JULY 27, 1915: The C-word rears its ugly head in The First World War - #conscription.
If they had Twitter a hundred years ago the issue of forcing young men to fight in the Great War would be trending.
Lord Kitchener’s famous Call to Arms had brought forth hundreds of thousands of volunteers but the numbers of young men joining up is slowing.
That, coupled with a frightening casualty rate, means that compulsory service may be introduced.
It’s the issue at the heart of a long-winded report in the July 27, 1915, edition of the Market Harborough Advertiser about town dignitaries discussing the snappily-worded War Office Anniversary-Week-of-the-War Scheme aimed at recruiting more soldiers.
Even though it is only a week away from the first anniversary of the conflict, on August 4, this story is the only one that even gives a nod towards any kind of marking of the event.
Certainly, today’s media would have pages of editorial looking back at what’s happened and looking forward to likely future actions as well as reporting the community events being held to mark the milestone.
But there is next to nothing.
The story, however, does sum up the mood of a nation that’s proud it is the only one in the conflict that has a voluntary Army – but that conscription will have to come.
The War Office has suggested marching bands in every corner of the country to drum up support for recruitment but the Market Harborough dignitaries think this is derisory.
Mr E F Jeffries says: “[The idea] was the most futile thing possible to come from the War Office. There was only one way to deal with the question now.
“Men who were asked to go said ‘Why should I go when Bill does not go?’
“The late Government had not the pluck to introduce compulsory service and the present Government ought to do it. If they did not it would be a crying shame.”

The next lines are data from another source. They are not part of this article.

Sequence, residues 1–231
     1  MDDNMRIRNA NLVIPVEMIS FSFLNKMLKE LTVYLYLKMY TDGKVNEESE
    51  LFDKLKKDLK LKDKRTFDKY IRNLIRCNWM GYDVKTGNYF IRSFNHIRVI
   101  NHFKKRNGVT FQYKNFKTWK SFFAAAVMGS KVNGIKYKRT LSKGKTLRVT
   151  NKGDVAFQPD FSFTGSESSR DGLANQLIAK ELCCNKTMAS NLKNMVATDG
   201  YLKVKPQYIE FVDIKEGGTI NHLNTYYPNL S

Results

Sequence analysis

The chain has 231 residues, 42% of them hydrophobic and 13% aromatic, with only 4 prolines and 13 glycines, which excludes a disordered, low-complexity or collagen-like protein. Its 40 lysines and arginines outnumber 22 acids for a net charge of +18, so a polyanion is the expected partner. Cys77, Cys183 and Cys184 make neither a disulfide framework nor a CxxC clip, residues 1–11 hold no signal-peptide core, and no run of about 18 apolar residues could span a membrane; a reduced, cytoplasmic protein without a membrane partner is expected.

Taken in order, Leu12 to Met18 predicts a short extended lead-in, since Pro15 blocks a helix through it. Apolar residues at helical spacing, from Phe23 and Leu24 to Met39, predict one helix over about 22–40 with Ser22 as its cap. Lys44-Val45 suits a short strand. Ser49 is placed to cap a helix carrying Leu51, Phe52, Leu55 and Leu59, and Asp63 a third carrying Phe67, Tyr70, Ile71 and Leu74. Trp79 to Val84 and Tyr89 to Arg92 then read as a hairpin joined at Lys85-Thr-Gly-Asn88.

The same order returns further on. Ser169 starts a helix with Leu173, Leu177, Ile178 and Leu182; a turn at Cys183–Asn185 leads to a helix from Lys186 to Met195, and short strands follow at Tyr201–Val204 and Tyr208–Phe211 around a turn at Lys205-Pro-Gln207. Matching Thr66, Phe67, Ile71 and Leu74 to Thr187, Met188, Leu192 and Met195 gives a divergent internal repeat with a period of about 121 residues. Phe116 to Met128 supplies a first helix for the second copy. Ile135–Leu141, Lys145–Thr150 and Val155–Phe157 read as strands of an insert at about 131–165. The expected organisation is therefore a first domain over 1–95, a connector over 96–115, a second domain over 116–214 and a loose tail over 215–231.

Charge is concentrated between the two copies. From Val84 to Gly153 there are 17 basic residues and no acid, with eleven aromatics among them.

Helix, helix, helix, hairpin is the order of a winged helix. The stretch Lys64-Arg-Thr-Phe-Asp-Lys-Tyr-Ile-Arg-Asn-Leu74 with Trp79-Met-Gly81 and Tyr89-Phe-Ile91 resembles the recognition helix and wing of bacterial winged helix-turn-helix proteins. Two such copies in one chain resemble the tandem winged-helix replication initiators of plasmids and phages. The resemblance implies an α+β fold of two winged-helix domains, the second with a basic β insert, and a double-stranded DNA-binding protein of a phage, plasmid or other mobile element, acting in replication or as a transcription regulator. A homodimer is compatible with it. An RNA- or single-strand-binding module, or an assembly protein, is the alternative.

In fact it would be March 1916 before conscription forced men aged 18-41 to sign up unless they were unfit or in a ‘reserved job’ like mining or farming.
It is understandable why some men did not want to join.
Elsewhere in the paper there are stories that would make anyone question why they should put themselves in harm’s way.
One report catalogues the number of deaths and casualties in the Gallipoli campaign which already exceeds 40,000 [the doomed initiative eventually ended at the turn of the year with 187,000 Allied casualties].
Another report discusses the high death rate among men who have been injured – running at 24 per cent which is higher than the Crimean War ‘despite its appalling insanitary conditions’. This is apparently because in trench warfare it is difficult to get back behind lines so injured men must suffer without medical treatment until nightfall.
And even closer to home, there is news of another Market Harborough fatality. Private Frank Bromley, the son of Mr and Mrs Chas Bromley of Logan Street, was shot while on sentry duty.
The Advertiser reports: “The greatest sympathy will be felt with Mr and Mrs Bromley for they received a cheery letter from him the day before he was killed.
“He has two brothers serving the country and an especially sad feature is that Mr and Mrs Bromley, on the day they received the news of the death of their son, also had an intimation that their daughter had to undergo a serious operation at Leicester Infirmary.”
The Advertiser publishes a picture of Private Bromley to illustrate the story – still a relatively unusual occurrence in the editorial columns of 1915.
And to counter-balance the doom and gloom, there is another picture – this time of six local ‘gallant boys in khaki’ from Harborough and the surrounding villages – which will be of ‘considerable interest’ to the Advertiser’s readers.
The caption says the photograph was taken ‘somewhere in France’, a nod towards the Defence of the Realm Act which bans all pictures taken in the battle zone.
Once again the Advertiser just sidesteps the issue, although the plain background and publication of the picture will certainly not provide any intelligence for a German general who got his hands on the newspaper.